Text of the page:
PFDknife

WHY I KEEP A KNIFE IN MY PFD

Whenever I head out on my kayak, I always go armed. Not because I am expecting some end of the world-type scenario whilst out on my kayak but because a PFD knife has come in handy in a number of situations.

CUTTING MYSELF OUT OF SNAGS

I was a relative latecomer to the PFD knife. I had all the kayak gear but had resisted the urge to buy a knife. The reason was, that I hated the look of a knife on the outside of my PFD. I thought it made a gentle kayak fisho look like he or she was gearing up for some Rambo-style foray into the Australian outback, complete with stealth assassinations and explosions.

But one day I was paddling under a pier and didn’t notice a tightly knotted bundle of abandoned fishing line. I ended up snagged and in a bit of a pickle. I had a knife in a dry bag, but messing around trying to find the thing while completely entangled in monofilament line was not a pleasant or swift ordeal. I made a compromise with myself then that I would carry a knife in my PFD pocket. The knife isn’t on show but it is there when I need it.

If you are in any scenario where you are using ropes or line, be it a fishing line, or throw ropes and tow ropes for whitewater kayaking, it is probably a good idea to have a knife within arm’s reach. You could become snagged and in whitewater. Having the speed of access to a knife could mean the difference between life and death.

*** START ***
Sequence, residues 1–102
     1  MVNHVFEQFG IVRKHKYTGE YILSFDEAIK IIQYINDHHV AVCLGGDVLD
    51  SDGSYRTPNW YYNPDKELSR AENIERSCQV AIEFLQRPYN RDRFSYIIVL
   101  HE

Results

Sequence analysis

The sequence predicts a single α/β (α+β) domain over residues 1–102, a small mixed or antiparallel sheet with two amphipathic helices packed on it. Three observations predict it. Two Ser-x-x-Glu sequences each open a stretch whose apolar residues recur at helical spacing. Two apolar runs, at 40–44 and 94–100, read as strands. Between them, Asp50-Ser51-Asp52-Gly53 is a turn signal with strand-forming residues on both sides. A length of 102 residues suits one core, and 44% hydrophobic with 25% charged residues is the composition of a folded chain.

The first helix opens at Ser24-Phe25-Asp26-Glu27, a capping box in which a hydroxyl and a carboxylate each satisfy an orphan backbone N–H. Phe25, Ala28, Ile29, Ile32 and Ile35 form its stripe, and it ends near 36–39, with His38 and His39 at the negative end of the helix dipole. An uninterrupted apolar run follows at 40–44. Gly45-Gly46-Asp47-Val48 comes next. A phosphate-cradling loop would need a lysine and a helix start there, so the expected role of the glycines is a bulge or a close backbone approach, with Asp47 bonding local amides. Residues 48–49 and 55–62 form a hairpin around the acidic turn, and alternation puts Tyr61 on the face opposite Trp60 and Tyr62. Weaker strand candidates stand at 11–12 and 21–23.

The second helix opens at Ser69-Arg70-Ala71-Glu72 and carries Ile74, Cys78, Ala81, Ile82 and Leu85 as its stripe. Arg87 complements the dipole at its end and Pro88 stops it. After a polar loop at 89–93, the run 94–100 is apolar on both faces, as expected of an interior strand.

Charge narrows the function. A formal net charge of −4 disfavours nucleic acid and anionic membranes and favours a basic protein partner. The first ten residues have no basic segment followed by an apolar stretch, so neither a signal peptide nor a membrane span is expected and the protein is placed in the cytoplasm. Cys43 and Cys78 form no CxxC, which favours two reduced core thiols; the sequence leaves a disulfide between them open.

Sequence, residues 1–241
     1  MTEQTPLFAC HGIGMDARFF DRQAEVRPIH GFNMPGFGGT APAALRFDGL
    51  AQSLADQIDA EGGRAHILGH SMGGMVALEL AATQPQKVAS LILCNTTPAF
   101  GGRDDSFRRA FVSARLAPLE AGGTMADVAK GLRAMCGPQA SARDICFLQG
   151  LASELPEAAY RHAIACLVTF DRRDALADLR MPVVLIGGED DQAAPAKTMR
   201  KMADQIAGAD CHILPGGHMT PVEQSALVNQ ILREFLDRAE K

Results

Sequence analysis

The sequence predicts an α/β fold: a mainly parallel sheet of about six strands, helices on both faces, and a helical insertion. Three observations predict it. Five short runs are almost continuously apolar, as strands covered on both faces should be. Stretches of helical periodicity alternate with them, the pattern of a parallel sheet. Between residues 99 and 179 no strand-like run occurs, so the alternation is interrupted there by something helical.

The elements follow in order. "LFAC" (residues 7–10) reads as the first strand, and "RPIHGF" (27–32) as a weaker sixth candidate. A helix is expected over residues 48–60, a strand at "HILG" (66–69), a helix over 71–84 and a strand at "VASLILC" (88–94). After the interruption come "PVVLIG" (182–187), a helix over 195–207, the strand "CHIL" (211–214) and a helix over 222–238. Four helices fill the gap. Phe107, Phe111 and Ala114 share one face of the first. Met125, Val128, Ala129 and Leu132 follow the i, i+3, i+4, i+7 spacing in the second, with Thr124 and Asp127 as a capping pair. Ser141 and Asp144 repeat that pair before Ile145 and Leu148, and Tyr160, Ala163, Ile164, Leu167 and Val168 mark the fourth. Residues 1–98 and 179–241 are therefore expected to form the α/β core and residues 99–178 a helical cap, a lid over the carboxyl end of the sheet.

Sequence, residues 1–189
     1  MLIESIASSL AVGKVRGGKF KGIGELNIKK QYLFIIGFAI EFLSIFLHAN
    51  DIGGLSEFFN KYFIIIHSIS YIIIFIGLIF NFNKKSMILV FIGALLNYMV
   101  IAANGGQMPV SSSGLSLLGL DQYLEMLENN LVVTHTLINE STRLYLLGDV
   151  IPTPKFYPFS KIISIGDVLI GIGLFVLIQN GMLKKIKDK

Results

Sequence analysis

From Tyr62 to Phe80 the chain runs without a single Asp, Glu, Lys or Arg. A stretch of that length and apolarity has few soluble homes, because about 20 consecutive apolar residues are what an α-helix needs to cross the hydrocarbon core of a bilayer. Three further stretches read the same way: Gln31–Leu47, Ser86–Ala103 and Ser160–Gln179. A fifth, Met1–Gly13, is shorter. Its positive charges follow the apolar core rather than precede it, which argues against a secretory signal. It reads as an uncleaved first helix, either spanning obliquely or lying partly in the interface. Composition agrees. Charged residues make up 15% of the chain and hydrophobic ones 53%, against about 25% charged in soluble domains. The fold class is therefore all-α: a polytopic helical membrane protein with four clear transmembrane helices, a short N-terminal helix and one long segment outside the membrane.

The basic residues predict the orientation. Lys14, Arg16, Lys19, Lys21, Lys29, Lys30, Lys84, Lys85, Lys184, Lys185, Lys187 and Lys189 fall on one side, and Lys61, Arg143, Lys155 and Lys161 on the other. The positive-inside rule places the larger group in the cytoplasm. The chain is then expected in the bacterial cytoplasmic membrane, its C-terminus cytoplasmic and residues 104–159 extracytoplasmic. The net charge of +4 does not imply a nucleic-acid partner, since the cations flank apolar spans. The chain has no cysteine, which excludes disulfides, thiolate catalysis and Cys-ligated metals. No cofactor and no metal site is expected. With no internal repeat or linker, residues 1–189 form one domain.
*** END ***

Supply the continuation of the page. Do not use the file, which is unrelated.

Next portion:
BEING THE GOOD SAMARITAN FOR BIRDS

Aside from cutting myself free from snags, I have also been able to play the part of the good Samaritan with several gulls I have found wrapped in fishing line. They all seemed very grateful, and one even hung around to share my sandwiches with at lunchtime.

PREPARING FOOD

This is by far and away the most common use for the PFD knife I have experienced. I am forever using it to spread peanut butter on crackers, butter bread and on several kayaking trips abroad, popping open oysters right off the side of the kayak. It also makes a handy bottle opener.

WHAT SORT OF KNIFE DO YOU NEED

If you have been won over by the idea of a PFD knife, where do you go from here? You cannot skimp on your PFD knife. It is going to be exposed to some pretty testing elements, particularly if you take your yak offshore. Stainless steel is okay, but will eventually rust. A knife made of a carbon steel alloy would be better. These are usually used in the construction of good quality hunting and fishing knives and will stand the test of time far better than a simple stainless-steel blade.

TYPE OF BLADE

Regarding a plain blade or serrated edge, or a fixed mechanism versus a flick or folding mechanism, these are down to personal preference. I have met kayakers like myself who prefer to keep their knife in a pocket and therefore prefer a flick or folding mechanism, but I have also met ‘yakers who keep a fixed blade on the outside of their PFD.

While everyone has to take care with a knife being so accessible, and accidents do certainly happen, I would prefer to have something within easy reach to cut me free in entanglement situations. It is not foolproof, but I certainly feel safer for it.


 

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Jane F
jane.f@dinga.com.au

Jane loves camping, hiking and anything to do with the outdoors. She might love glamping but she will do it all.